# 2.6: Add and Subtract Fractions and Mixed Numbers

**At Grade**Created by: CK-12

### Let’s Think About It

**Credit**: ben britten

**Source**: https://www.flickr.com/photos/tauntingpanda/3561698/in/photolist-jfLA-ijokZ-9eSWCM-4kWXXs-7h9Kia-4r7mCC-8JY91n-bWSV1V-fkjMyC-7EXXPc-o4L68o-cAZH6y-7qAER2-6pTdFr-4DttcN-7WtXwf-9YTgX-nrpjk-76AWv8-7XaF43-rtJ1nf-5L5t3T-qPw8Dg-eh6zb-8Rogj-6dkRmf-82dJVy-8kS3pL-efCuKz-cAZHq1-NSt2Z-7ZiZfT-55Lxgc-cAZG8G-3RSaa-nc3Y9z-hCDWsT-9JCDQp-5HWykQ-aBw9o8-Q4Hbg-hCD7Sd-kHzdC6-oWyCF2-9FZpJ3-59hvES-5EhaCG-6YMKHn-g2qpvZ-7jSUJ6

**License**: CC BY-NC 3.0

Donna and her friend Andrew work at The Balloon Factory. They are in charge of taking inventory before the big sale tomorrow. Donna opens the first two boxes and one \begin{align*}\frac{1}{2}\end{align*}

Andrew is working in the stockroom with the helium balloons. He finds \begin{align*}3 \frac{1}{4}\end{align*} boxes of red balloons and \begin{align*}2 \frac{2}{3}\end{align*} boxes of green balloons. What does he record as the sum of these two types?

In this concept you will learn to add and subtract fractions and mixed numbers.

### Guidance

Let’s begin this lesson with identifying fractions. A **fraction** is a number that names a part of a whole or a part of a group. If a rectangle is \begin{align*}\frac{1}{3}\end{align*} shaded, it means that if the rectangle were divided into three equal parts, one of those parts would be shaded.

**License**: CC BY-NC 3.0

Most fractions will represents numbers less than 1, meaning that the numerator is less than the denominator.

To represent a number greater than 1, you use an improper fraction or a mixed number. An **improper fraction** has a numerator that is larger than its denominator, such as \begin{align*}\frac{5}{3}\end{align*}, or can be written as the mixed, such as \begin{align*}1 \frac{2}{3}\end{align*}. A **mixed number** is a number that has both wholes and parts, so you will see a whole number and a fraction with mixed numbers. \begin{align*}1 \frac{2}{3}\end{align*} is a mixed number.

Let’s take a look at adding and subtracting fractions.

How do we add and subtract fractions?

The first thing you need to look at when adding and subtracting fractions is the denominator of the fractions to see if they are the same. Remember that the denominator tells you how many parts the whole is divided into. The numerator tells you how many parts you have out of the whole. In our rectangle example above, the fraction of shaded area \begin{align*}\frac{1}{3}\end{align*} is because there is 1 part of the 3 parts that is shaded.

When adding or subtracting fractions, the denominators of the fractions must be the same, then you can simply add or subtract the numerators. For example, notice in the fractions below, both denominators are 8 so you just add the numerators \begin{align*}(1 + 2 = 3)\end{align*}.

Subtracting fractions that have the same denominator is the same. In the example below, both denominators are the same so you just need to subtract the numerators \begin{align*}(10 – 3 = 7)\end{align*}.

\begin{align*}\frac{10}{12} - \frac{3}{12} = \frac{7}{12}\end{align*}

What if the denominators are not the same?

If the denominators are not the same, you need to find a common denominator. You do this by creating an equal fraction that has the denominator you need. Look at the fractions below.

\begin{align*}\frac{1}{2} = \frac{4}{8}\end{align*}

These two fractions are equal. This means that they both represent the same part of the whole. The fraction one-half has simply been renamed in terms of eighths. This is the same thing that we do when finding common denominators. We rename the fractions in terms of the common denominator.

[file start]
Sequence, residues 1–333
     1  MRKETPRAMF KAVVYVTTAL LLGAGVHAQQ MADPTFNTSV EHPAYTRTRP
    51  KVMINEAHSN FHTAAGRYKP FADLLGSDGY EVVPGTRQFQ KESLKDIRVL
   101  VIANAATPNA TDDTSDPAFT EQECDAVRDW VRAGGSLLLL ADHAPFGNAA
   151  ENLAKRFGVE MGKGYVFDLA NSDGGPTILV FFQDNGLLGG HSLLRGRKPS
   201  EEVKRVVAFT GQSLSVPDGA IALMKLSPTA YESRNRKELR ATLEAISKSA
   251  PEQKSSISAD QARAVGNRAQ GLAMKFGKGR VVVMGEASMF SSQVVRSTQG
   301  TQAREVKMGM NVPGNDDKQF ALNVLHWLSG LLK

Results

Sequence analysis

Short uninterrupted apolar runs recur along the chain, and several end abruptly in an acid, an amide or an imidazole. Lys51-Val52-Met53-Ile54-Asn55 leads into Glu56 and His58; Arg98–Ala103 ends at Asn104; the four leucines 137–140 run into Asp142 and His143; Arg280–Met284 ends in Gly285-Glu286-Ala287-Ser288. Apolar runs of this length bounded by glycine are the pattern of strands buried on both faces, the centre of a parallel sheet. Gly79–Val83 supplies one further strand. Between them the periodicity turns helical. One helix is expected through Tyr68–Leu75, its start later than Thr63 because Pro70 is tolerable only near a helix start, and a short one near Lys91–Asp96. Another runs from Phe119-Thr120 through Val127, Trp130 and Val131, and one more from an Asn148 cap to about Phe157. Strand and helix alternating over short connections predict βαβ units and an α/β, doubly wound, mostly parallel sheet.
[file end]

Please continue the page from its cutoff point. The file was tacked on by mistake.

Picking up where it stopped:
Let’s look at an example.

Add: \begin{align*}\frac{1}{4} + \frac{2}{5}\end{align*}

First, find a common denominator by finding the least common multiple of the denominators, 4 and 5.

The first few multiples of 4 are 4, 8, 12, 16, and 20. The first few multiples of 5 are 5, 10, 15, and 20. So the least common multiple is 20.

Now, find how to rename each fraction to a fraction with 20 as the denominator.

You need to multiply the denominator by 5 to get a denominator of 20. So, multiply the first fraction by the equivalent of 1or \begin{align*}\frac{5}{5}\end{align*}.

\begin{align*}\frac{1}{4} \times \frac{5}{5} = \frac{5}{20}\end{align*}

Now do the same for the other fraction.

You need to multiply the denominator by 4 to get a denominator of 20. So, multiply the second fraction by the equivalent of 1or \begin{align*}\frac{4}{4}\end{align*}.

\begin{align*}\frac{2}{5} \times \frac{4}{4} = \frac{8}{20}\end{align*}

Next, add the fractions.

\begin{align*}\frac{5}{20} + \frac{8}{20} = \frac{13}{20}\end{align*}

The answer is \begin{align*}\frac{13}{20}\end{align*}.

We can also work with mixed numbers and fractions. There is an added step when working with this combination.

Subtract: \begin{align*}2 \frac{7}{8} - \frac{2}{3}\end{align*}

First change the mixed number to an improper fraction. To do this, multiply the denominator by the whole number, then add the numerator.

\begin{align*}8 \times 2 + 7& = 23\\ 2 \frac{7}{8} &= \frac{23}{8}\end{align*}

Next find a common denominator.

The first few multiples of 8 are 8, 16, and 24. Since 24 is also divisible by 3, it is the least common multiple. Rename each fraction as a fraction with the common denominator.

\begin{align*}\frac{23}{8} \times \frac{3}{3} &= \frac{69}{24}\\ \frac{2}{3} \times \frac{8}{8} &= \frac{16}{24}\end{align*}

Then find the difference.

\begin{align*}\frac{69}{24} - \frac{16}{24} = \frac{53}{24}\end{align*}

Notice that the answer is an improper fraction. You need to put your answer into a mixed fraction to finish this question.

Finally, simplify the difference to a mixed number.

\begin{align*}\frac{53}{24} + 2 \frac{5}{24}\end{align*}

The answer is \begin{align*}2 \frac{5}{24}\end{align*}.

Let’s try a few examples. Be sure your answers are in simplest form.

Guided Practice

Here is one for you to try on your own.

\begin{align*}\frac{4}{6} + \frac{5}{8} = \underline{\;\;\;\;\;\;\;\;\;\;}\end{align*}

First, notice that these two fractions have uncommon denominators. The lowest common denominator for 6 and 8 is 24.

Next, we rename each fraction with a denominator of 24.

\begin{align*}\frac{4}{6} \times \frac{4}{4} &= \frac{16}{24}\\ \frac{5}{8} \times \frac{3}{3} &= \frac{15}{24}\end{align*}

Then, add the two fractions.

\begin{align*}\frac{16}{24} + \frac{15}{24} = \frac{31}{24}\end{align*}